Nate Silver is certainly a worthy addition to the Times' roster -- and the paper later updated its post to note Silver's political slant, but this hiring demonstrated how the liberal mainstream media outlets are trying to remake the blogosphere in their own images.
Is this a conscious strategy -- or something else? At one point a few years ago, the Post had briefly hired conservative blogger Ben Domenech, but that was short-lived. His resignation provided cover for those who advanced the notion that conservative bloggers weren't ready for prime time.
But now, it seems to conservatives that the WashPo has settled on a brand every bit as liberal as the hated HuffPo. Just as MSNBC attempted to compete with Fox News by hiring the Ed Schultz, Keith Olbermann, Rachel Maddow triad, the Washington Post appears to be morphing into the print (and online) version of MSNBC.
Perhaps it's less a strategy than an example of liberals simply operating in their own comfort zones. "When the dinosaur organizations of old media go looking for people who will attract traffic and generate profit online, they generally use a simple hiring approach: they hire people they know, people they like, or people who might be useful foils and attention-grabbers," said Ben Domenech, now the editor of the newledger.com.
"Thanks to the personal knowledge and reading patterns of editors, the first two categories are almost entirely populated by online personalities on the ideological left, which means that, with few exceptions, conservative hires fall into the latter category," Domenech added. "Conservative hires are typically picked either to be infamous and attract controversy, or because their benign reputations show they will only criticize their own side of the aisle."
Regardless of the reason, it matters.
"It is a problem because increasingly the print versions of the papers feed off the content generated on their websites, much of which is produced by leftwing bloggers in collaboration with the leftwing echo chamber," RedState's Erick Erickson told me. "Who knows how much of it is put together first on the left's JournoList."
To be sure, the Post's roster includes conservative syndicated columnists like George Will, Charles Krauthammer and Michael Gerson as well as Kathleen Parker -- an unpredictable centrist who often leans right. And New York Times defenders argue they have both David Brooks and Ross Douthat. But syndicated columnists are not the same as on-site, full-time employees – and even if they were – there is a difference between running an established columnist such as Charles Krauthammer versus elevating a young blogger like, say, Ezra Klein, to the status of a Washington Post reporter.
As John Hawkins of the popular blog, RightWingNews told me, "Mainstream media outlets like New York Times and Washington Post are only interested in catering to liberal sensibilities. So, they hire leftists to represent the liberal point of view and people who are willing to tell liberals what they want to hear about the right."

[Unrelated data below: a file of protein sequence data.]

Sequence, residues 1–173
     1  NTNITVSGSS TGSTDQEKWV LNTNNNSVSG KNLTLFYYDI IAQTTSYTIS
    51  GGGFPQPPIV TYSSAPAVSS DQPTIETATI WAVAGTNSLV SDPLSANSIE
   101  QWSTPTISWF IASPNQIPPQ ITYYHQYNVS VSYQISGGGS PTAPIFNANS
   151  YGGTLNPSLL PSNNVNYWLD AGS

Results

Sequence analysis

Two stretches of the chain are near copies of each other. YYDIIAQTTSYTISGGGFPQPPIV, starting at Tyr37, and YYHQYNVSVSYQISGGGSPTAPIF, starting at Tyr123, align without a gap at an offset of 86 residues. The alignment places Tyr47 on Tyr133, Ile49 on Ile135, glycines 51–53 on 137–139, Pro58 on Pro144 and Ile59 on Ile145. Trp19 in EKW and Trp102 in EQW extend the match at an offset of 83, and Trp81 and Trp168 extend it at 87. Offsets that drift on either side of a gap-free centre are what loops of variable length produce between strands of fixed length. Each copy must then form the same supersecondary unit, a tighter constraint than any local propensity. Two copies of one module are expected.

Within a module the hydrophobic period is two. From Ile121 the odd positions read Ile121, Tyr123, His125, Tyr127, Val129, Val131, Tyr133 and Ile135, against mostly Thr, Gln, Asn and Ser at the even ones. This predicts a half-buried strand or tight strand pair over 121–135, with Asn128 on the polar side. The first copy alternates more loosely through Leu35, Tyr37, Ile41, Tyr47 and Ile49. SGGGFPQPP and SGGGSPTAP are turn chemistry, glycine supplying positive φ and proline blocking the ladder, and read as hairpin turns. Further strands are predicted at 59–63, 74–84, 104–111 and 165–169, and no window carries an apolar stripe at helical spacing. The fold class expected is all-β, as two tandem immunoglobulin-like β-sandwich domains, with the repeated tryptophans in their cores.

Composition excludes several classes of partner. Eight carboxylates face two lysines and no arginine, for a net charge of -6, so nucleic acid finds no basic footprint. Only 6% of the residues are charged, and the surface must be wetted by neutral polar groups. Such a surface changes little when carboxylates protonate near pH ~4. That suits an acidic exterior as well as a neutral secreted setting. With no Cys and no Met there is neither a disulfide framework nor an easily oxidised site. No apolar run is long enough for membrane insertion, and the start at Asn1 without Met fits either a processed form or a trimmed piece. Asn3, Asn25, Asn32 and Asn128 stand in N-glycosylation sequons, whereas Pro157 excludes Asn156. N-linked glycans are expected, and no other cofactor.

As a conservative, I suppose I should have faith in the free market to fix this problem. Tucker Carlson, who started the Daily Caller, and Philip Anschutz, who had bankrolled the DC Examiner and similar papers around the country, apparently trust that solution, as does media baron Rupert Murdoch.
Ben Domench puts it this way: "Bloggers don't need to be hired by media organizations with losses in the hundreds of millions each year to get a press pass. In the meritocracy of the new media -- which we really should just call 'the media' now -- the best voices rise to the top, becoming influencers with wide audiences, using their power to directly alter debates, and gaining easy access to the top echelon of politicians and leaders. And that is, without question, a good thing."
But I'm skeptical.
Because it's unlikely the good folks at the Times or the Post will solicit my advice, I've chosen to advise my friends in the mainstream media vis-à-vis this column. In case it turns out that the Post and the Times are seriously open to the possibility of one day hiring a conservative blogger, I have helpfully compiled a list of 10 conservative bloggers whom they should consider (frankly, I could provide a list of 100 worthy nominees):
1. Jim Geraghty – A blogger at National Review's "The Campaign Spot," Jim Geraghty is one of the right's best political bloggers and analysts and should be on anyone's short list.
2. Tim Carney – Currently a writer at the Washington Examiner, Carney is also the author of such books as, "The Big Ripoff: How Big Business and Big Government Steal Your Money." He's a small-government conservative at a time of big government. The timing couldn't be better.
5. Ed Morrissey – In recent years, Morrissey has become one of the nation's preeminent bloggers, for one of the most-read conservative blogs, HotAir. (Watch Rush Limbaugh announce Ed Morrissey as CPAC's "blogger of the year."). Despite his iconoclastic stances on issues like gay marriage, Morrissey is widely respected by conservatives.
6. John McCormack The Weekly Standard's John McCormack has emerged as a top-notch political reporter. Aside from his penchant for becoming part of the story (see NY-23 and Massachusetts), McCormack would seem to be a perfect addition to any outlet looking to find someone from a center-right perspective who cares about getting the facts right.
10. W. James Antle III is associate editor of The American Spectator and a contributing editor of The American Conservative. Antle is particularly adept at covering political campaigns. As election season heats up, a major outlet would be wise to steal him from the Spectator.
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